New Year’s Resolutions And My $5,000 Challenge

New Year's 2018

Hello everybody! Happy New Year!

It has been a long time since I pushed the publish button. I figured the New Year’s holiday was the right time to get back into the swing of things. Actually, I was going to flake out on everybody this week too, but I made a Twitter message promise to Mike over at Abandoned Cubicle who checked in just before Christmas to make sure I wasn’t dead. Twitter message promises are binding in the state of Minnesota. Besides, I said I’d do 101 posts on Crispy Cabbage. At least! And I was only at 48.

For #49, I thought I’d talk about New Year’s resolutions. That’s timely, right? And I’m gonna publicly back myself into a corner with a bold challenge just like I did around this time last year. First, though, let’s talk about what makes a good New Year’s resolution…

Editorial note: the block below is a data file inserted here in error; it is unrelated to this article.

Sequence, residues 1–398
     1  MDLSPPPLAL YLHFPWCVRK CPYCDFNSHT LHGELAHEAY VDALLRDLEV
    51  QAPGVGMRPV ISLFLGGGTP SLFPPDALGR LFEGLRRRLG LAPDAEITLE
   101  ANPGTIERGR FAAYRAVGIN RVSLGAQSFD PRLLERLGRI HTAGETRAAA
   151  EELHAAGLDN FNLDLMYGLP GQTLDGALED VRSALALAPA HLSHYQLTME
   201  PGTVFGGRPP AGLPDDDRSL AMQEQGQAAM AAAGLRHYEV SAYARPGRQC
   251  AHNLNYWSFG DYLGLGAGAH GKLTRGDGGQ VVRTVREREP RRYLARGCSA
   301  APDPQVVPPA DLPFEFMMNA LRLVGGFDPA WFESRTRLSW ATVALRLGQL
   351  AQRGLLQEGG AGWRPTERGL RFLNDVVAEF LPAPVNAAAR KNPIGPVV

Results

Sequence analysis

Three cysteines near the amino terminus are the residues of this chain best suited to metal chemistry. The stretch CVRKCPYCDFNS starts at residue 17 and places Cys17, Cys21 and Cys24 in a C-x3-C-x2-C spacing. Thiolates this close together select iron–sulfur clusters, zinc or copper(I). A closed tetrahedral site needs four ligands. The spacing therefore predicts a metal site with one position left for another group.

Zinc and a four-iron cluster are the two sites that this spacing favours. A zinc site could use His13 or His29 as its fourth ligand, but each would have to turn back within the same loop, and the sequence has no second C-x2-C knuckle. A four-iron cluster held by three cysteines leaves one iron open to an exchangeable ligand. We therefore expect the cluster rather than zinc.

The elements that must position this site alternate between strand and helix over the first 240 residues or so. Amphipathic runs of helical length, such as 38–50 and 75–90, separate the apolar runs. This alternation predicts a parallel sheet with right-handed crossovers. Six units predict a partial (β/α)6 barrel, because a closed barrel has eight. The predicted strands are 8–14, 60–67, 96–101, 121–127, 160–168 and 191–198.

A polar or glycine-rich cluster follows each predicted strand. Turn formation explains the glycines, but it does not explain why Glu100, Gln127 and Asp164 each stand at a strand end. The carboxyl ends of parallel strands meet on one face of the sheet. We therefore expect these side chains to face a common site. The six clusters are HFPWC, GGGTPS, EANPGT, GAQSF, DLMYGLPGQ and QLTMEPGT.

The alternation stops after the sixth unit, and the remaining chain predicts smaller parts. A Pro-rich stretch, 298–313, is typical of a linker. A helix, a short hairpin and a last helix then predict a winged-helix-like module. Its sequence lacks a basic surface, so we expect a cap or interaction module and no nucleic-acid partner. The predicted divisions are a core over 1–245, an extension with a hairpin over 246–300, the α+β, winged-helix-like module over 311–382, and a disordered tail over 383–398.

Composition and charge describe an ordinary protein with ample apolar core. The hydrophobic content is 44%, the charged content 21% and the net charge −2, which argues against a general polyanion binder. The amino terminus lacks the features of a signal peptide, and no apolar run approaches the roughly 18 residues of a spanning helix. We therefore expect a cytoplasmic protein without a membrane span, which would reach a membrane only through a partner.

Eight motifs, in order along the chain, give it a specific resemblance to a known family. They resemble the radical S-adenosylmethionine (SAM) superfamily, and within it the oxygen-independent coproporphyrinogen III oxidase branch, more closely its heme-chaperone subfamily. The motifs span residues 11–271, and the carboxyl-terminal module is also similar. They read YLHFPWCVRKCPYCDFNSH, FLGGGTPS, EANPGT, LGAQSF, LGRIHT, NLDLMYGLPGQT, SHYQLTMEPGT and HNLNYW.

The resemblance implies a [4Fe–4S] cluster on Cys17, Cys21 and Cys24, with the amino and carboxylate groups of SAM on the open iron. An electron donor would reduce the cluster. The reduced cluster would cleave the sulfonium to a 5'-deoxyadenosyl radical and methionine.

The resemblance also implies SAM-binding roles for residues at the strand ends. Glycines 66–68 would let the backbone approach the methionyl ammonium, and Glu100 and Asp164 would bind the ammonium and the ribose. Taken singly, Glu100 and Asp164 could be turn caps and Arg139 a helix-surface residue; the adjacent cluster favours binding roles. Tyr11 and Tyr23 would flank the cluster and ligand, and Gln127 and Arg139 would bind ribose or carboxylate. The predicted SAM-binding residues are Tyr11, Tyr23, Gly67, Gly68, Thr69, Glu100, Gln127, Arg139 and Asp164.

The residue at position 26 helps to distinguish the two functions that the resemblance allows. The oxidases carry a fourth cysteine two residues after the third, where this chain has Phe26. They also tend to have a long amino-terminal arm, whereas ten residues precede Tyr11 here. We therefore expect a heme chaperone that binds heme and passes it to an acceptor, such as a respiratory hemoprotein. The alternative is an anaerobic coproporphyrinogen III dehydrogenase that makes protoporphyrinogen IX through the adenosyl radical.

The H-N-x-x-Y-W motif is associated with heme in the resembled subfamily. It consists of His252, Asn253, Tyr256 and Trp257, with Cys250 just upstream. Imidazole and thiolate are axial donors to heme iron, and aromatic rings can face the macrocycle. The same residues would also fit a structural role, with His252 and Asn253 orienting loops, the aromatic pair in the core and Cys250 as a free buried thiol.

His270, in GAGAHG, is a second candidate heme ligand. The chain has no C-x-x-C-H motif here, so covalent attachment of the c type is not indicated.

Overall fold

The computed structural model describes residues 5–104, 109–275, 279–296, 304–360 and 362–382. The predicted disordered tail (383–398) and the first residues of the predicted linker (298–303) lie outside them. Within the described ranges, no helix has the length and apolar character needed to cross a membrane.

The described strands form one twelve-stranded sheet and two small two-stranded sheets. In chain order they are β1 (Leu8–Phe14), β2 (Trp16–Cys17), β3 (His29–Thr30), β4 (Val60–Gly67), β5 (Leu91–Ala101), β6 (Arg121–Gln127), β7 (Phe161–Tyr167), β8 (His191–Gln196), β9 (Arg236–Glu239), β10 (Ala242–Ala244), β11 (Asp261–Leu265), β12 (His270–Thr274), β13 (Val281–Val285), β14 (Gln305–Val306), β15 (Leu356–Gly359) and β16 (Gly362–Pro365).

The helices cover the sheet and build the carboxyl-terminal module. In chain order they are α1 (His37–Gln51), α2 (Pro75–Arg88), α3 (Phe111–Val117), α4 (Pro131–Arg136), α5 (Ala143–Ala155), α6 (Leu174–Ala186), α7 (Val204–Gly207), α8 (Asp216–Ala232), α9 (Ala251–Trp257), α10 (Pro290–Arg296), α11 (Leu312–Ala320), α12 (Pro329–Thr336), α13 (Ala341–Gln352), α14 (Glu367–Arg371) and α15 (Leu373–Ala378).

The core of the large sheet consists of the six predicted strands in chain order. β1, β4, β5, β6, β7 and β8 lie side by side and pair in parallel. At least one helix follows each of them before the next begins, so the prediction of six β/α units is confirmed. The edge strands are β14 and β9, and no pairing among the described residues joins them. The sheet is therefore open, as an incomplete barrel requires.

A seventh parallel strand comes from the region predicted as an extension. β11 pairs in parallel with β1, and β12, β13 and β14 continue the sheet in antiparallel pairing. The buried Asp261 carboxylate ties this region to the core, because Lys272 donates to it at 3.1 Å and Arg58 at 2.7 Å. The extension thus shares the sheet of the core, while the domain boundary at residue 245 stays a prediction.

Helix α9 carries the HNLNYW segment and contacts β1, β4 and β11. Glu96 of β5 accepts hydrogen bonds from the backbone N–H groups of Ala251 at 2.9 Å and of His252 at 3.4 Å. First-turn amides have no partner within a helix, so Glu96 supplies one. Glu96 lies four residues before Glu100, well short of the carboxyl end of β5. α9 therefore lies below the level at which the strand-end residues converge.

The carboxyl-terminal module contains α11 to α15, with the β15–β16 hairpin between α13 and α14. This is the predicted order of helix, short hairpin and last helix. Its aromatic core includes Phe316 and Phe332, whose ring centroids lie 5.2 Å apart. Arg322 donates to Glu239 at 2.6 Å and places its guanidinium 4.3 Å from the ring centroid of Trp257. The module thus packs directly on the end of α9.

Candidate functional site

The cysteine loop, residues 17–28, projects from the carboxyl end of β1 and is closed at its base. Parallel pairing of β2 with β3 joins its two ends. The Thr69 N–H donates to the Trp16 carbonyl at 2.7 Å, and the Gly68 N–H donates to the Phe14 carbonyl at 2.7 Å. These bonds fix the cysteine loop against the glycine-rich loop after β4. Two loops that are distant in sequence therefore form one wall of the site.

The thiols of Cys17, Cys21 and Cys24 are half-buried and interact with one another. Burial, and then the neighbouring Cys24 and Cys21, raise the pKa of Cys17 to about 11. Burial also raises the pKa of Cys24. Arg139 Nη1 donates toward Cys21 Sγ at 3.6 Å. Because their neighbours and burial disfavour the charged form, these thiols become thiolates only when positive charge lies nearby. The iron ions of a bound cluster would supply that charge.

3 Keys to making New Year’s resolutions… By: Crispy Cabbage

I love New Year’s! And I love making New Year’s resolutions!

I know, New Year’s resolutions are for weak-willed humans. And I know, if you can’t push yourself into new habits the other 364 days of the year, simply scribbling your goals on a crisp new kitten calendar probably won’t work too well either. And I know I failed miserably at last year’s 99 Bottles of Beer On The Wall Challenge (I waved the white flag on 9/21 after a couple of football Sundays). But I still love making New Year’s resolutions. I still think they’re worthwhile (if they’re done the right way). Even if you fail miserably.